Using Equations as a "Recipe" for Algebraic Problem-Solving (12 seconds)

56. A 0.050-kg billiard ball moving at 1.5 m/s strikes a second 0.050-kg billiard ball which is at rest on the table. If the first ball slows down to a speed of 0.10 m/s, then what is the speed of the second ball? PSYW

Using Equations as a "Recipe" for Algebraic Problem-Solving (12 seconds)

57. A 70-kg hockey player moving at 5.6 m/s collides head-on with an 80-kg player who is heading in the opposite direction with a speed of 3.5 m/s. The two players entangle and move together across the ice. Determine their after-collision speed. PSYW

Using Equations as a "Recipe" for Algebraic Problem-Solving (12 seconds)

58. Calculate the work required lift a 2.5-kg object a height of 6.0 meters. PSYW

Calculating the Amount of Work Done by Forces (10 seconds)

59. In the It's All Uphill Lab, a force of 21.2 N is applied parallel to the incline to lift a 3.0-kg loaded cart to a height of 0.45 m along an incline which is 0.636-m long. Determine the work done upon the cart and the subsequent potential energy change of the cart. PSYW

Calculating the Amount of Work Done by Forces (10 seconds) | Analysis of Situations Involving External Forces (21 seconds)

60. An 800-kg car skids to a stop across a horizontal surface over a distance of 45 m. The average force acting upon the car is 7000N, then determine

1. the work done upon the car.
2. the initial kinetic energy of the car.
3. the acceleration of the car.
4. the initial velocity of the car.

Analysis of Situations Involving External Forces (21 seconds)

61. A 50-kg hiker ascends a 40-meter high hill at a constant speed of 1.2 m/s. If it takes 400 s to climb the hill, then determine

1. kinetic energy change of the hiker.
2. the potential energy change of the hiker.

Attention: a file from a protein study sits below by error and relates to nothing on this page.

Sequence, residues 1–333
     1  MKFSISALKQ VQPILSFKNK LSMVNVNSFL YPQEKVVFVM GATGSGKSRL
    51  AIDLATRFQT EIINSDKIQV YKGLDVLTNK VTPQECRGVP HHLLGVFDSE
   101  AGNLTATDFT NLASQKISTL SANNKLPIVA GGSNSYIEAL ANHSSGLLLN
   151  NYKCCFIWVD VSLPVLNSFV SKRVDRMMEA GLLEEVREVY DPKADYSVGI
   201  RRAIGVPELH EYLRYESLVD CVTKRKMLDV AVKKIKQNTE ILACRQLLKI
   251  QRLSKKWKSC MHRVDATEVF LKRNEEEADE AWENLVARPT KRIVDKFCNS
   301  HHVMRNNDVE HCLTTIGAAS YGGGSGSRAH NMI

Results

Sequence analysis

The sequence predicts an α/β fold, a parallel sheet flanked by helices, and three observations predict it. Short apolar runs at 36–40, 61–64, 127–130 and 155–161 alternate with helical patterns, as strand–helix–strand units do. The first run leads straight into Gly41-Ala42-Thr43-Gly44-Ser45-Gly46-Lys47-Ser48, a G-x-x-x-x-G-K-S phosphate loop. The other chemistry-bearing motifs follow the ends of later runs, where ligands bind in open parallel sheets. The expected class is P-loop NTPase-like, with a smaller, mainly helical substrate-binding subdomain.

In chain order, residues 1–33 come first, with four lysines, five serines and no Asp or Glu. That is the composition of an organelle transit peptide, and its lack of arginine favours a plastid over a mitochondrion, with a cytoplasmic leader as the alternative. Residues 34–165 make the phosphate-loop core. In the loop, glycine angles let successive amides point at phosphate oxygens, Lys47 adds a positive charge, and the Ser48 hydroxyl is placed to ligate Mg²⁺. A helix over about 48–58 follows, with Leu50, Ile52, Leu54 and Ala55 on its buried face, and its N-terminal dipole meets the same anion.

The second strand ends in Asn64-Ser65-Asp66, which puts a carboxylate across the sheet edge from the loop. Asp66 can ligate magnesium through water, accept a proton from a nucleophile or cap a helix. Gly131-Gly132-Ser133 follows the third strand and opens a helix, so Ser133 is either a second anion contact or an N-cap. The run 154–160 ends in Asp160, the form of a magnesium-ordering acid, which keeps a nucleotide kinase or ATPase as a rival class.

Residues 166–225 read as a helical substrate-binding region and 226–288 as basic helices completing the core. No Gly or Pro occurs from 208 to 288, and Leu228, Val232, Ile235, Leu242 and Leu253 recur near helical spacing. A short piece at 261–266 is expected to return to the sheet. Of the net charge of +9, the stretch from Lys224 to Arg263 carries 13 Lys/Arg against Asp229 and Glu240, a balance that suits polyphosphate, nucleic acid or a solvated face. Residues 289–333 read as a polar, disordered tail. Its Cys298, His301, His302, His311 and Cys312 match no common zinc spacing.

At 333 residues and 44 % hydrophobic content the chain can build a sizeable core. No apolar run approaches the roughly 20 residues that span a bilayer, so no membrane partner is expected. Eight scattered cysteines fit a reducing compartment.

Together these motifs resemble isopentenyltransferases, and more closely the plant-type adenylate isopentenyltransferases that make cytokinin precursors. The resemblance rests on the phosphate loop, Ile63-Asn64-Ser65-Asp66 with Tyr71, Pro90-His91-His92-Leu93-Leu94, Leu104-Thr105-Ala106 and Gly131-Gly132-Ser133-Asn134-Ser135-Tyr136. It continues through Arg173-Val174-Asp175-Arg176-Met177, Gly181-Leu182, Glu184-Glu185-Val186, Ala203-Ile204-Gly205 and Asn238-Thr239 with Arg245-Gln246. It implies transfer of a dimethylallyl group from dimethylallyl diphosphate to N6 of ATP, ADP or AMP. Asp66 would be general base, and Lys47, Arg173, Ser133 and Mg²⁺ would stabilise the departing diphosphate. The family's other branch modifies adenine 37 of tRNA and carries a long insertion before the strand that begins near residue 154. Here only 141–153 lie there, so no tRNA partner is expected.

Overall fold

3. the work done upon the hiker.
4. the power delivered by the hiker.

Kinetic Energy (4 seconds) | Potential Energy (12 seconds) | Work (10 seconds) | Power (13 seconds)

62. Neel, whose mass is 75-kg, ascends the 1.6-meter high stairs in 1.2 s. Determine Neel's power rating. PSYW

Work (10 seconds) | Power (13 seconds)

63. A 500-kg roller coaster car starts at a height of 32.0 m. Assuming negligible energy losses to friction and air resistance, determine the PE, KE, and speed of the car at the various locations (A, B, C, D, and E) along the track.
 Location Height (m) PE (J) KE (J) velocity (m/s) Start 32.0 ________ ________ 0 A 28.0 ________ ________ ________ B 11.0 ________ ________ ________ C 20.0 ________ ________ ________ D 5.0 ________ ________ ________ E 15.0 ________ ________ ________ F 0 ________ ________ ________

Kinetic Energy (4 seconds) | Potential Energy (12 seconds) | Mechanical Energy Conservation (13 seconds)

64. Use the information in the above table to explain what is meant when it is said that the "total mechanical energy is conserved."

Mechanical Energy Conservation (13 seconds)

65. Use the work-energy theorem to determine the force required to stop a 1000-kg car moving at a speed of 20.0 m/s if there is a distance of 45.0 m in which to stop it. PSYW

Analysis of Situations Involving External Forces (21 seconds) | Application and Practice Questions (10 seconds)

66. A 60-kg skiier accelerates down an icey hill from an original height of 500 meters. Use the work-energy theorem to determine the speed at the bottom of the hill if

1. no energy is lost or gained due to friction, air resistance and other external forces. PSYW
2. 140000 J of energy are lost due to external forces. PSYW

Analysis of Situations Involving External Forces (21 seconds) | Mechanical Energy Conservation (13 seconds) | Application and Practice Questions (10 seconds)